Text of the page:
By 2020, 50 billion devices will be connected to the internet, creating $19 trillion of economic value. in this world of digital newcomers toppling traditional giants, it’s time to disrupt or risk being disrupted
By 2020, 50 billion devices will be connected to the internet,
creating $19 trillion of economic value. In this world of digital
newcomers toppling traditional giants, it’s time to disrupt or
risk being disrupted.
1. How do you go digital while keeping
the wider business running?
By 2020, around 75% of organisations worldwide will
either be digitised or on their way. To make that transition smoothly,
they’ll need to get every part of the business on board with
the digital agenda. Jens Meier, CEO and Chairman of the Hamburg
Port Authority, did it by using a clever bit of kit.
We have a huge bridge in the port called Köhlbrand Bridge
and there was all this traffic. Trucks were overtaking each other
and slowing down the traffic behind them. But when we told people, nobody was
interested. So we put in an IT system to put some numbers against what we already
knew, and people listened. We were allowed to put in a sign forbidding trucks from
overtaking and the traffic jams disappeared
Jens Meier, CEO and Chairman of the Hamburg Port Authority.
Moving into this new world might seem a daunting prospect,
but no CIO needs to go it alone. Cisco has a ‘build, buy
and partner’ model; we build a lot of technology, but we also
buy and partner with other companies, absorbing new skills
in the process. Gartner recently referred to this as ‘techquisition’.
We have a three-lane motorway for investments. The inside lane is for
big investments: the money we’re putting into the technology that is
transforming our entire business model into being an omni-channel retailer.
A middle lane for significant projects, which make the most of these investments - like
myJohnLewis, releases every 4 weeks on the web and mobile sites, our new Gift Card
and so on. And then there’s the fast innovation lane. Last year we ran our second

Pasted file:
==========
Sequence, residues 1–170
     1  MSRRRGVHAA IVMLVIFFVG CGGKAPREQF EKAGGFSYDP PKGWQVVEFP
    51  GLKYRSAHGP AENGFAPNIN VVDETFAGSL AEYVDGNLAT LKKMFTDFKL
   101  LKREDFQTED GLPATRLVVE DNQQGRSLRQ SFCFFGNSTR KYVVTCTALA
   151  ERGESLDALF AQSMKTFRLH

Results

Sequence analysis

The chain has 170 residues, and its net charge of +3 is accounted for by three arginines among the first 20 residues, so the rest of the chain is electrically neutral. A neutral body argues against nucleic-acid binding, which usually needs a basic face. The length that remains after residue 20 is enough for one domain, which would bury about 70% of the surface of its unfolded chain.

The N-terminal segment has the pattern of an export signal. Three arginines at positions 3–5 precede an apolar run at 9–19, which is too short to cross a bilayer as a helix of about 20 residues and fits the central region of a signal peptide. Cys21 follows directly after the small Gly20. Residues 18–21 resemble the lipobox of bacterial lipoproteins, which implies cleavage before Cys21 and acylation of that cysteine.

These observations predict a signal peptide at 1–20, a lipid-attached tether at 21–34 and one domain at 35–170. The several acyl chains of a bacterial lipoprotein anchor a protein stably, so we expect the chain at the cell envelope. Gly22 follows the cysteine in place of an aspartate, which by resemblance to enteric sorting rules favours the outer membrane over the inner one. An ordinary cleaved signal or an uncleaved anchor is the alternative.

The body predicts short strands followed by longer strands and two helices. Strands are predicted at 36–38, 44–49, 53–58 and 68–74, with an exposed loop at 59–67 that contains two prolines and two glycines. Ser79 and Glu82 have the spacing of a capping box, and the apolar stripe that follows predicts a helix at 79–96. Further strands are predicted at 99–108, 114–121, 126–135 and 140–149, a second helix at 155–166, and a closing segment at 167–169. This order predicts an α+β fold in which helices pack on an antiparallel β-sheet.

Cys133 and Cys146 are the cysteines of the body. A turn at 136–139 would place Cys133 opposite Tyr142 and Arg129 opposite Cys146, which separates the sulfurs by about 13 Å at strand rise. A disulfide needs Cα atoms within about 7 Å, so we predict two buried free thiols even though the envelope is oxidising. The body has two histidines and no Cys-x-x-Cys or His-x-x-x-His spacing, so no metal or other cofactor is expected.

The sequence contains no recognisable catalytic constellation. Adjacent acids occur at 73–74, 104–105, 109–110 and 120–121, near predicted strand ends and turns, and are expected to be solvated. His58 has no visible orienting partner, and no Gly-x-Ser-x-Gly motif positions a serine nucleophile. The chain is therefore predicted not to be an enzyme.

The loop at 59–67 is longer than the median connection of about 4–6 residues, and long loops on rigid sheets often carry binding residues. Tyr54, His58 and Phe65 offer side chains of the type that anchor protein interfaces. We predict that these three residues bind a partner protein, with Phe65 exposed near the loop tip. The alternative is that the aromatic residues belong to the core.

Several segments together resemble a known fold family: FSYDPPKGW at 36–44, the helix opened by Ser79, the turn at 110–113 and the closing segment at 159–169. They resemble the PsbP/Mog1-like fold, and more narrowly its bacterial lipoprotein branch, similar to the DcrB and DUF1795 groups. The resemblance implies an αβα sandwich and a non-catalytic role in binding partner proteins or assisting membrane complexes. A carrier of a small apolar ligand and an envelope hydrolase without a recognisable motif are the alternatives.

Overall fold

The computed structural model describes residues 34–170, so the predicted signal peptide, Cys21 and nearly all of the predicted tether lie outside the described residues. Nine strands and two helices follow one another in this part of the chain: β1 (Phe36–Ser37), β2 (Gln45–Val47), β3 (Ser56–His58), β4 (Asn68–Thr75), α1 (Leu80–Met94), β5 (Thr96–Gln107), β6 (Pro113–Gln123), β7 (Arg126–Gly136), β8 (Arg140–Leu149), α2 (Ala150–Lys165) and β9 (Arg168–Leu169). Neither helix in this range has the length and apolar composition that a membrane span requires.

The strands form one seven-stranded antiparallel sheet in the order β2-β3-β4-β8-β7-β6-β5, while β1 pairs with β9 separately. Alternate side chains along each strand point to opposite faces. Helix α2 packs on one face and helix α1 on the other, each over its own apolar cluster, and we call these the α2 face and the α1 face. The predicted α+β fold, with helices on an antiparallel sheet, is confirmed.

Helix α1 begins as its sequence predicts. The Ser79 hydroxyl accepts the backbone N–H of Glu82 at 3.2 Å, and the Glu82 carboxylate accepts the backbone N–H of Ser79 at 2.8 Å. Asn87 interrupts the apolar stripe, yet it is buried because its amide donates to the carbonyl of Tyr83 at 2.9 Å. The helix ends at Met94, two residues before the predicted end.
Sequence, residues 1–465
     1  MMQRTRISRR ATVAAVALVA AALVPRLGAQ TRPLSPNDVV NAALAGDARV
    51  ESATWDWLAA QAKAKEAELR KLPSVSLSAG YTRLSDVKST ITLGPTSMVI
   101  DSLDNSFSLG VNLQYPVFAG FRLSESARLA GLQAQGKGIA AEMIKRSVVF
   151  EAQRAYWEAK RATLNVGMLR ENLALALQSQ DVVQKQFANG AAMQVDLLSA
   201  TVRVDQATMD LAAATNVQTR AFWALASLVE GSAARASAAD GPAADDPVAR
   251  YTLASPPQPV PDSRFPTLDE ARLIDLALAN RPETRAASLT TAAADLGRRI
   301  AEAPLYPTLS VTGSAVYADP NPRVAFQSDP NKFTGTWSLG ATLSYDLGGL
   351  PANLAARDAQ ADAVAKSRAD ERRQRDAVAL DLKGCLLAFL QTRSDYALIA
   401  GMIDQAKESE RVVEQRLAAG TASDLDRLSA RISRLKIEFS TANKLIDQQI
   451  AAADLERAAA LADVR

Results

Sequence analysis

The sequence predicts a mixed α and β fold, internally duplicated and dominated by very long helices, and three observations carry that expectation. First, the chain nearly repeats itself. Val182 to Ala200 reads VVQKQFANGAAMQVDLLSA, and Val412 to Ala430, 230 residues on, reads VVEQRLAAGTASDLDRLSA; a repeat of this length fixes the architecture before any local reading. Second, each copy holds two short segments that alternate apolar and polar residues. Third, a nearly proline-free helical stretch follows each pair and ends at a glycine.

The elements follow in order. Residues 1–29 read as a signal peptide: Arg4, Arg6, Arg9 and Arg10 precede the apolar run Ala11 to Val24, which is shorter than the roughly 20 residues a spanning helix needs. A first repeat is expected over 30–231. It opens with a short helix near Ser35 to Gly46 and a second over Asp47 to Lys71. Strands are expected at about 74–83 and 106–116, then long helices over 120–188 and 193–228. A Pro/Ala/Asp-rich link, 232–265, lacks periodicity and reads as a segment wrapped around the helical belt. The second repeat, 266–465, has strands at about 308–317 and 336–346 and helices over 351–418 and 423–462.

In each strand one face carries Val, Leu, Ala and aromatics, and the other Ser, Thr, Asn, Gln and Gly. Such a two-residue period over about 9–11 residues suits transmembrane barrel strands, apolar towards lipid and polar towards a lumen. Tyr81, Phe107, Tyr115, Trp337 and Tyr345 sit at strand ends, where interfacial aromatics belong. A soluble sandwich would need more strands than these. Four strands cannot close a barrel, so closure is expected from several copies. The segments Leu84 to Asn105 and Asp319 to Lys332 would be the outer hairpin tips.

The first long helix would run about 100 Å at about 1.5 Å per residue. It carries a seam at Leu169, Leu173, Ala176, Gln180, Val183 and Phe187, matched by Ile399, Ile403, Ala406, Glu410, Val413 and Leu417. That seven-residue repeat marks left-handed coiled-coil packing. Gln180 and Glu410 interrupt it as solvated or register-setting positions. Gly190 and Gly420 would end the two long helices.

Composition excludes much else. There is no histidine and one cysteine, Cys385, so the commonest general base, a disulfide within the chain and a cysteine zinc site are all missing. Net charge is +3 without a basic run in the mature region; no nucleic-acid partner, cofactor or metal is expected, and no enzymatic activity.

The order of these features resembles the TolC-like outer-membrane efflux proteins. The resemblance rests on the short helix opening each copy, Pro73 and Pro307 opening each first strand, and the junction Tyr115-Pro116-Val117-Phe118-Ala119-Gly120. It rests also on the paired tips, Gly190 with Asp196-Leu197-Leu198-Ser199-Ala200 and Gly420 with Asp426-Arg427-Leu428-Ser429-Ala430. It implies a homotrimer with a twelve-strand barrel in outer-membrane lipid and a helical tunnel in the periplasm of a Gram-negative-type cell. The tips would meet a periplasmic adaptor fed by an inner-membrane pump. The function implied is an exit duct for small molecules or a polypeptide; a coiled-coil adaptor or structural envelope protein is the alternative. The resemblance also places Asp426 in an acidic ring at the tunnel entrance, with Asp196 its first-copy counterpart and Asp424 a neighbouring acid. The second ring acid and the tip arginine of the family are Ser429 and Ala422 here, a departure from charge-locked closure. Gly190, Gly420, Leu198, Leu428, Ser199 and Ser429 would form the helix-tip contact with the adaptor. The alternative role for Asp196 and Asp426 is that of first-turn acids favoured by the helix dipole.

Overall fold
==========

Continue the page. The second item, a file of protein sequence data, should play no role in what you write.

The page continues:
incubator JLAB2015 with five companies and a £100,000 prize. Now we have
investments in some very interesting companies including location specialists
Localz and connected home company Peeple. We are piloting the first in our
stores and aim to sell the door peep hole app from the second.
Paul Coby, IT Director for John Lewis
But innovation can’t exist in a vacuum. If you want to get
a return on your fast lane investments, you’ve got to build
the right environment. At John Lewis, that environment is Room Y:
a room behind the dustbins on the first floor of its London HQ.
It’s full of iMacs, laser cutters and 3D printers, and it has a single
purpose: fast innovation.
Rebecca Jacoby, SVP of Operations at Cisco, calls data
the ‘holy grail of disruption’. The savviest organisations
understand that data is their most strategic asset, so they’re
more than happy to offer gadgets and software for free. Just ask
Facebook (free) and Google (free).
One small bit of data-driven technology can give
a company an insurmountable advantage over its competitors.
Take Amazon. Because they know not only what you’ve
bought but what you’ve browsed, they can see which products
are potentially popular and make sure they’ve got enough stock.
It’s a trick their competitors, who use the same sort of supply chain
logistics and have the same sort of products, can’t keep up with.
4. How do you stay secure in a
world of many clouds?
The final piece of the puzzle is security.
Today, 60% of data is stolen in hours but 54% of breaches
go undetected for months.
And despite this everpresent danger, many
organisations have been naïve, protecting entire
databases with a single username and password.
It’s a hacker’s dream and a PR disaster waiting to happen.
Traditional security measures just don’t cut it in this brave
new digital world. It’s no longer enough to have security
systems that wake up when an attack happens and fall
asleep the moment the threat’s over.
Security needs to be pervasive - from the network to the mobile user
and from the cloud to every corner of operations –
wherever employees are and data is.
Done right, security will enable business models like mobility or the cloud.
It will also reduce risk by stopping more threats and keep IT teams more productive
so organisations stay focused on what they do best.
David Goeckeler, SVP of the Cisco Security Business Group.
Tomorrow’s digitised world has no respect
for the size or age of an organisation. To win,
businesses will need to reinvent themselves and find
a way to bring their people with them.
The key is to start small, with innovation labs
like John Lewis’ Room Y, and tiered investments like
its three-lane motorway. And as IT becomes more and more
central, CIOs will need to start asking for help from other
innovators like universities, researchers and cities.
Traditions will die. Leaders will fall.
And only the bravest of the disrupters will survive.
Take the change seriously,
and you’ll be one of the lucky ones.
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